In the contentious struggles over the interpretation of Chile's past, the presidential palace, La Moneda, exemplifies the dynamic interactions of history, memory, place, and national identity. This dissertation argues that the actual physical site of La Moneda has been used throughout Chile's history as a stage for the performance of legitimacy and citizenship, while its image - particularly the image of the building in flames on September 11, 1973 -- has been used as both a symbol and, more recently, a text. In 2000, after a decade of post-authoritarian transition and the accompanying struggles over memory of the 1973 military coup and the Pinochet dictatorship that followed, then-President Ricardo Lagos took the symbolic step of re-opening of La Moneda to visits by ordinary Chileans. This created a unique opportunity to examine, through visitor surveys and interviews, how the site functions as a focus of Chilean historical discourse and governance. While the reopening was an important element of the Lagos administration's push for reconciliation, the administration was not able to control fully the interpretation or experience that visitors drew from La Moneda. This reveals the tensions inherent in any historic or emblematic site. Further, this history of the uses of La Moneda by Chilean leaders and of the public reactions to it demonstrates that despite Lagos' desire to declare Chile's transition complete, memory struggles related to the historical interpretation of the military coup of 1973 were still present as late as September 2003, as seen in the symbolic dimensions of this place.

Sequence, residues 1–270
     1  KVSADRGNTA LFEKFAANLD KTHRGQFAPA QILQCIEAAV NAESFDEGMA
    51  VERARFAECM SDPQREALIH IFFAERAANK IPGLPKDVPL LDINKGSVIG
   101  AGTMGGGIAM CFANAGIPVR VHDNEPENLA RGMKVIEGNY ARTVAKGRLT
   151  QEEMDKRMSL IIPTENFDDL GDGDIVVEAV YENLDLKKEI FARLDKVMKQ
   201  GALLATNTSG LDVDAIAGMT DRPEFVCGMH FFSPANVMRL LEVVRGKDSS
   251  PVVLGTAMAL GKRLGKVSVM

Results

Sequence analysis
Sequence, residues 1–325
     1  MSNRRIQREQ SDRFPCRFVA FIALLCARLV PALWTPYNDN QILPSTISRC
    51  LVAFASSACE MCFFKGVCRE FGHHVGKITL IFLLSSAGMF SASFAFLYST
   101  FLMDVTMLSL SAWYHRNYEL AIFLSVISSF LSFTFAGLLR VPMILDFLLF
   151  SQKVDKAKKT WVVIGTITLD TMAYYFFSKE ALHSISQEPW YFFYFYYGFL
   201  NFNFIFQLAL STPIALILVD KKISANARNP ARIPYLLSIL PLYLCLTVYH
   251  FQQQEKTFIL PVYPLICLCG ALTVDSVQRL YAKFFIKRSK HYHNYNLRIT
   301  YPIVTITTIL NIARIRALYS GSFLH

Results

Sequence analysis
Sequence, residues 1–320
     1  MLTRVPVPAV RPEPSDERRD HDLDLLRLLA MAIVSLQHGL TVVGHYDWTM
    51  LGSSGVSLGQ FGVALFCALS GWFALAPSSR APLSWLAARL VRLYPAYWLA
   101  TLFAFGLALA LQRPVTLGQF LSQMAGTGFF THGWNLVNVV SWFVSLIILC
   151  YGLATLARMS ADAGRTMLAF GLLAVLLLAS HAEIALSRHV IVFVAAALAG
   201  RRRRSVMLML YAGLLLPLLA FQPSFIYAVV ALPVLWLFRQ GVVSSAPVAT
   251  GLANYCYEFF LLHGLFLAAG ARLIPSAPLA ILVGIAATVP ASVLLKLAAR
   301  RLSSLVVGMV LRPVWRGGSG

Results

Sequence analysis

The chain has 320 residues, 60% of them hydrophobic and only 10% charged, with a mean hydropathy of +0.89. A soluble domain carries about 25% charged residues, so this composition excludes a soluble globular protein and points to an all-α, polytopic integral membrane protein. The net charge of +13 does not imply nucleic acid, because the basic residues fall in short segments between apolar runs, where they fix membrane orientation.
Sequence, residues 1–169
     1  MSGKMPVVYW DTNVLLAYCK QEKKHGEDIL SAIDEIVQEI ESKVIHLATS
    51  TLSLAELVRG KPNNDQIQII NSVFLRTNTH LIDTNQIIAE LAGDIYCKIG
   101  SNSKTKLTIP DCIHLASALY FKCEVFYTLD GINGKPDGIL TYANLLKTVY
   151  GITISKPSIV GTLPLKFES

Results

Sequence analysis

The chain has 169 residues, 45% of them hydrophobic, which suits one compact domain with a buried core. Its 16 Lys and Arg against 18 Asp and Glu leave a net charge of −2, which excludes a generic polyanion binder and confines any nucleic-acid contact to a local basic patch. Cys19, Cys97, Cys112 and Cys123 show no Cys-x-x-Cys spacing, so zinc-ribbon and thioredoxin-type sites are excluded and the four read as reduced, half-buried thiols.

University of Minnesota. Ph.D. dissertation. August 2010. Advisor: Sarah C. Chambers. Major: History. 1 computer file (PDF); iii, 126 pages.
Strasma, Mary Grace.
Histories in its Walls: La Moneda, memory and reconciliation in Post-Authoritarian Chile..
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